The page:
London

Case studies

Mary has been matched with Teresa, a refugee from Sudan, for one year.

Mary: "If you are not part of the solution you are part of the problem" is a phrase that guides me often when I feel passionate about the injustices in our society and yet know that alone I am pretty powerless. I was keen to do something even if it were small to make a difference.

A friend told me about TimeBank and Refugee mentoring. What attracted me was that you were offered training, support/supervision and that it had a framework and boundaries.

From the first meeting with Teresa, a 60 year old refugee from Sudan, I felt that we clicked. I just felt very comfortable and felt that this was mutual. The most helpful thing was that she is very proactive and clear about what she wants to get out of our relationship.

It was a privilege to be with someone who was facing so much change and difficulty and yet who met every challenge with courage and optimism. There were naturally times when she was very down and risked losing motivation. Maybe I was able to be o­ne of several people who could walk with her, encourage, put her in touch with people who could help, alert her to some of the pitfalls in the maze of bureaucracy around benefits etc. I learnt so much both about how cruel our systems are and how they destroy peoples' spirit. I learnt most of all from Teresa herself, about courage, perseverance and ingenuity.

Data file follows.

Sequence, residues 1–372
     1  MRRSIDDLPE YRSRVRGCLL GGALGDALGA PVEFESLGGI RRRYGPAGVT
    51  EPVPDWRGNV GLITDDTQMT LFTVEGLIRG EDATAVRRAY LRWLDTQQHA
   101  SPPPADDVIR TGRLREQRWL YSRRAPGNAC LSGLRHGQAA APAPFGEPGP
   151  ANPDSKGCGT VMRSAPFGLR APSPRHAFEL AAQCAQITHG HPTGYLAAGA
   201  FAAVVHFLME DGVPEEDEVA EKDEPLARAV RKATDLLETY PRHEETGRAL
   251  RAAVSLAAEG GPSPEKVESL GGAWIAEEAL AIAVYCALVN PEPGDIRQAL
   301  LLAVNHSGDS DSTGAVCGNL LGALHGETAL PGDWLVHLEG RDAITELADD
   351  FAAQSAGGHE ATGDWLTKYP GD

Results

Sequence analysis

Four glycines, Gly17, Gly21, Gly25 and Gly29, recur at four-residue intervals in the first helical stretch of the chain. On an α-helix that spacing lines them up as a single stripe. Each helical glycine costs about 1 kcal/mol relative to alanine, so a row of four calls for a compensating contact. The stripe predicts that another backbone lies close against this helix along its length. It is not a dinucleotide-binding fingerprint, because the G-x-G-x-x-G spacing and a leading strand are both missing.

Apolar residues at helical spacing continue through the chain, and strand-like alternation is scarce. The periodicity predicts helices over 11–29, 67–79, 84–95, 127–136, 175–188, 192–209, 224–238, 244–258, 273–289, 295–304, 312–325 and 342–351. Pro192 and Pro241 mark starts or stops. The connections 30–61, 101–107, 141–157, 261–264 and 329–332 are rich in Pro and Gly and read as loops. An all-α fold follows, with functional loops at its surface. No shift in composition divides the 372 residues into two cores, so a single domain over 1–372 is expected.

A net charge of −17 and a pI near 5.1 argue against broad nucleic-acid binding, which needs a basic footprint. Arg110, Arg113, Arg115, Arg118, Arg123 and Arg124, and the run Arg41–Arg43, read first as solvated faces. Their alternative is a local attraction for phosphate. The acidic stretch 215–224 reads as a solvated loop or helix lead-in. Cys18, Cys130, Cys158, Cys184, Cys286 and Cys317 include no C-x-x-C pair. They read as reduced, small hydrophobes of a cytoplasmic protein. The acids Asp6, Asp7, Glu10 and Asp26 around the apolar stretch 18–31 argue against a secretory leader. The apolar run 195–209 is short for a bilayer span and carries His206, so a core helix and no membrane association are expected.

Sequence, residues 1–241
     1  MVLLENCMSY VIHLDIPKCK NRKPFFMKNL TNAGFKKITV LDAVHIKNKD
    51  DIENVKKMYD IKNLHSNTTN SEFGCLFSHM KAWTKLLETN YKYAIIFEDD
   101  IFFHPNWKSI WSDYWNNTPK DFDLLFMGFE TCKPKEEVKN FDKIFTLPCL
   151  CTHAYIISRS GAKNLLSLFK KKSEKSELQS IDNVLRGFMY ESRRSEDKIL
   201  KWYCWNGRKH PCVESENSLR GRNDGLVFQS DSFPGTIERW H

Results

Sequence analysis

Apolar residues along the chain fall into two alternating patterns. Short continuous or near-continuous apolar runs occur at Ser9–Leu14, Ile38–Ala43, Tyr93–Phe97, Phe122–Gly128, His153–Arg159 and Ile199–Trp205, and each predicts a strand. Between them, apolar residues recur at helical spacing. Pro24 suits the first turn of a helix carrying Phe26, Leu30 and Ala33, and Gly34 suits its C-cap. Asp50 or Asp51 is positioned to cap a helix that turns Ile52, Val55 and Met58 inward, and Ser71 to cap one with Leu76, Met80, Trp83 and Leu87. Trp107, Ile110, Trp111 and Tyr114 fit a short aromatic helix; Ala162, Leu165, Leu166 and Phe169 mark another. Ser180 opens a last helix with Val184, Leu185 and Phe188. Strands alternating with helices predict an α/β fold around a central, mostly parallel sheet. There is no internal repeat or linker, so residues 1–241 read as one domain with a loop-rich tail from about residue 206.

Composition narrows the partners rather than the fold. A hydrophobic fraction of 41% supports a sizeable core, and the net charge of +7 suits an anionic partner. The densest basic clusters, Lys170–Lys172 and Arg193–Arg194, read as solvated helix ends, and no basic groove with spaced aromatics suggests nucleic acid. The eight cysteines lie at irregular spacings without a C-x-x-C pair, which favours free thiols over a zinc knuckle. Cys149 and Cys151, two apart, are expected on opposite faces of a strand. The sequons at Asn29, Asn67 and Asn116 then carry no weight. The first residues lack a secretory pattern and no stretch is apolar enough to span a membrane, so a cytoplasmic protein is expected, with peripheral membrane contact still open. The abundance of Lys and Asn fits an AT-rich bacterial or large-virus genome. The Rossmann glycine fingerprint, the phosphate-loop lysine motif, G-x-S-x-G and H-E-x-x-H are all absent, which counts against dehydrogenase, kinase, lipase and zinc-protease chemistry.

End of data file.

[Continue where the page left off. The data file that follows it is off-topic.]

Being a mentor has brought many rewards and I would encourage anyone who is concerned about justice in our society and who enjoys people and diversity, to offer their skills in such a worthwhile project.

Teresa: When I first came to Britain as an asylum seeker, I didnít have the slightest idea that I would be of any use to the community or to any o­ne at all.

In the year 2002, I was invited to the WUS UK. AGM celebrations and out of the crowd a lady came towards me and greeted me, I didnít recognise her, She told me she was Sarah Arnold of the TimeBank, I was thrilled that in England I was able to find someone who could recognise me and call me by name. after my short conversation with Sarah, I joined the mentoring project ĎTime Togetherí.

I met my mentor Mary o­n the 29th May 2003. We sat down and discussed my background and goals. We designed o­ne uniform application letter for a paid job or volunteer. Mary encouraged me to apply to join Cafod in their volunteer Child Protection Programmes in schools. I have now started with Cafod; I am building and gaining more confidence in working and interacting with British people, which at the beginning I thought impossible. All this took place just within a short period of time, which is great.

My mentor didnít stop at helping me find my volunteer work. She went further, she encouraged me when I thought my age would count against me and she assisted me in my personal settlements and integration in the community as a normal citizen. I am now able to fit in very easily and fast. Mary has helped me with everything from filling in forms to helping me furnish my house. I look at Mary not o­nly as a mentor but also just like my elder sister.

In general I have achieved a lot from the mentor programme with TimeBank, I have dropped the assumptions that the British are negative people. I am able to interact with my neighbours positively. I feel like a normal human being in the community.

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